“We have about 300 volunteers who help in a variety of ways,” Fantasia said. “A lot of our volunteers don’t get out of Mass until 9 a.m., so we really start getting busy between 9:30 and 10 a.m.”

In addition to the many parishioners who volunteer, Fantasia said the food pantry wouldn’t be a success without the support of pastor Msgr. Daniel F. Hoye, who allows the St. Vincent de Paul Society to use the parish facilities.

“We’re very lucky that we’re able to use the parish hall and facilities here,” Fantasia said. “My dream one day is to have a dedicated facility, but it’s so expensive. The parish has been wonderful. They don’t charge us rent for the space and we get heat, lights and power included.”

“Our pastor is wonderful to us,” agreed Kathleen Mulherin, SVdP president. “He lets us use this building — and we use the whole building — every week at no charge. He is very supportive.”

Among the other ministries that SVdP provides, according to Mulherin, is something known as “Needy Cases,” where individual clients meet with case workers to help them better understand and meet their financial needs.

“We have appointments or walk-ins many times — men and women who come in and need assistance, or just to talk about what’s going on in their lives,” Mulherin said. “We meet in a private room where we can talk to them. We try to see them on Wednesdays because we find if we get them in and they see the food pantry, and what a happy place it is, and how much food they can get, then they’ll come back and save money by using our food pantry.”

According to Deb Journalist, the ultimate objective of meeting with the clients is to help them help themselves.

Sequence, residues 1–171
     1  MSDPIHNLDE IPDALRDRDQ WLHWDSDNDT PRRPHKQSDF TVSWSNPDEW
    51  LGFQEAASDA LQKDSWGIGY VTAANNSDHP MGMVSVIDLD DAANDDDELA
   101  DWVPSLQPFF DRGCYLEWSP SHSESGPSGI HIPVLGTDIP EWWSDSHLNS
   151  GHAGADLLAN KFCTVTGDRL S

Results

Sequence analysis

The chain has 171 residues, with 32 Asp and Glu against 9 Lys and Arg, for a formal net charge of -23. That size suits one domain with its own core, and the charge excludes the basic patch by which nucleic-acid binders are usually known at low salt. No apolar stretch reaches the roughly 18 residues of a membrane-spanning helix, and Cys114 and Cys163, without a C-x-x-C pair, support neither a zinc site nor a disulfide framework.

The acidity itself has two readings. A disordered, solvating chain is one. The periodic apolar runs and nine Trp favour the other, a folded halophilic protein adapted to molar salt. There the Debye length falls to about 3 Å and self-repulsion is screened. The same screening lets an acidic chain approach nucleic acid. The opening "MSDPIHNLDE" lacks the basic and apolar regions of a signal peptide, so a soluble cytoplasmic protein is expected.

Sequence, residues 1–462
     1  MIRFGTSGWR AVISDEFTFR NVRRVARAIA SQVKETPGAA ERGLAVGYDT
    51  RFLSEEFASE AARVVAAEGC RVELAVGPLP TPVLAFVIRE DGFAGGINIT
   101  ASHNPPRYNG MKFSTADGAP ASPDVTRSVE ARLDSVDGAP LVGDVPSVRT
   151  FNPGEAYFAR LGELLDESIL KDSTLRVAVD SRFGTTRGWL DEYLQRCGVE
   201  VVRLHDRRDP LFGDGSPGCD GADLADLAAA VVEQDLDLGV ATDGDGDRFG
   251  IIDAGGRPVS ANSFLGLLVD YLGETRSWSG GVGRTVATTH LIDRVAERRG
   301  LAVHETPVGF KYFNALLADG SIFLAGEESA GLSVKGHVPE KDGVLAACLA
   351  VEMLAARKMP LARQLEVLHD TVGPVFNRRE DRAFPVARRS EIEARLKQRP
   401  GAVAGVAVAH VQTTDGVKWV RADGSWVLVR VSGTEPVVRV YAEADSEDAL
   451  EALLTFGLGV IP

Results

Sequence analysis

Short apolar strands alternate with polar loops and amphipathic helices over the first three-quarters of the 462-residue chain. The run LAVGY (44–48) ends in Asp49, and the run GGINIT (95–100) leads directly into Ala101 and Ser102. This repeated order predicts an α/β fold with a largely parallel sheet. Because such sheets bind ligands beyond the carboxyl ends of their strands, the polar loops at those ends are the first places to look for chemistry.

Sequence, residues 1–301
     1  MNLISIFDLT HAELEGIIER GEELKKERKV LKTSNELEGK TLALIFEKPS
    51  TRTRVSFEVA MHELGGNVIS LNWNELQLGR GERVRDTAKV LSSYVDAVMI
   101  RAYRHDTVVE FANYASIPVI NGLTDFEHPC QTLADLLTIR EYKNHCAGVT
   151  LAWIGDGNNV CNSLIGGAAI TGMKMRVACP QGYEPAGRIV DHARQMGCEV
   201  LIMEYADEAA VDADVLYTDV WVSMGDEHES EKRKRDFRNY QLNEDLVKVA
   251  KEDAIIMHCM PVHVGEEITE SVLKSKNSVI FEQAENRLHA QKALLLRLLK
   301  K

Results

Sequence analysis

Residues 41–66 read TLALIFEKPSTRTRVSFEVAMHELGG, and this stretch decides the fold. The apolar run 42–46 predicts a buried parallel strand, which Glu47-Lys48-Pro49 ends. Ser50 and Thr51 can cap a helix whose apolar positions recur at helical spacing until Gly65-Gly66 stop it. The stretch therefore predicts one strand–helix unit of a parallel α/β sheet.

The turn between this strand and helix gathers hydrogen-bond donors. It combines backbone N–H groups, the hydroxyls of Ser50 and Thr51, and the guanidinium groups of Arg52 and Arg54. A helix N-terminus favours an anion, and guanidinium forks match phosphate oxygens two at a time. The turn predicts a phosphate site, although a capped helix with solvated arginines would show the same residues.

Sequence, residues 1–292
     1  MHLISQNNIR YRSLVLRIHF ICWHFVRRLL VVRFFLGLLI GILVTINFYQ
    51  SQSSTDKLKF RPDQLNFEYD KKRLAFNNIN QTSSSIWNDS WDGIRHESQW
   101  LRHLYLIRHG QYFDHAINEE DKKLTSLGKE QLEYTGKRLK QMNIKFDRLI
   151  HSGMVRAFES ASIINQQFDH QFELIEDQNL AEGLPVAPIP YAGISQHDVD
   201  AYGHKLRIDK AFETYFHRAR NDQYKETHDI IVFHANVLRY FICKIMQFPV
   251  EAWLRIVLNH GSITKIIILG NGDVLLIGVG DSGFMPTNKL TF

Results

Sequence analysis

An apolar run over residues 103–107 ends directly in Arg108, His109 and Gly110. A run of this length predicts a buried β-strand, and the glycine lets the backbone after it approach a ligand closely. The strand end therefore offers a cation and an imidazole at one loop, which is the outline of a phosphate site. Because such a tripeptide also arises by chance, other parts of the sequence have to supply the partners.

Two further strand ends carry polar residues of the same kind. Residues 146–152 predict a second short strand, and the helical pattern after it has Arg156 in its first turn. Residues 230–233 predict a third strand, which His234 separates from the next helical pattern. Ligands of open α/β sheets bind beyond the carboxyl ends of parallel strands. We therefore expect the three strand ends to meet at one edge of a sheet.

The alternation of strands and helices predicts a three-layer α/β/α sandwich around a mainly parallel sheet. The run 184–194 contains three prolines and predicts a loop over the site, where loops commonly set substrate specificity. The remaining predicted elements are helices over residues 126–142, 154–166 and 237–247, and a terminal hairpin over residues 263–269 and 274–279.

“We’re not here to enable them, we’re not here to support them financially,” she said. “We’re here to help them in an emergency situation to guide them and teach them how to take care of themselves. Oftentimes just sitting with someone and showing them how to budget can help. It’s amazing how many people don’t know how to budget and they don’t see places where they could save.”

While Cape Cod is often viewed as an affluent area, Journalist said people need only to look at the level of unemployment and homelessness in Hyannis over the last decade to appreciate the reality of the situation.

“I ran a business on Main Street in Hyannis for 10 years and watched the deterioration and the increase in the homeless population,” she said. “It wasn’t that they didn’t want to work, it’s that there just weren’t any jobs for them. They would line up where temporary jobs were given out and the line would be stretching out across the parking lot. It was so sad. That’s partly why I’m here doing what I do, because I don’t want to see that continue.”

During this Jubilee Year of Mercy, Deacon Fantasia said adhering to the Corporal and Spiritual Works of Mercy and following the example of Pope Francis is what all Catholics are called to do.

“This is exactly what Pope Francis wants us to do, and he keeps preaching that, and I think these people recognize that,” he said. “We’ve got a good crew here, we laugh a lot, but we’ve all got the same objective, mission and focus: to help these people.”

“This work is really rewarding to me, because it’s so hands on,” Reilly agreed. “It’s not just a matter of writing a check, we’re actually helping people.”

“It’s all about breaking the cycle of poverty,” added Mulherin. “The thing that makes me the happiest about being involved with the St. Vincent de Paul Society is knowing that door is always open, and when someone walks through it, there are several people here inside the building who are joyfully willing to help. It’s wonderful.”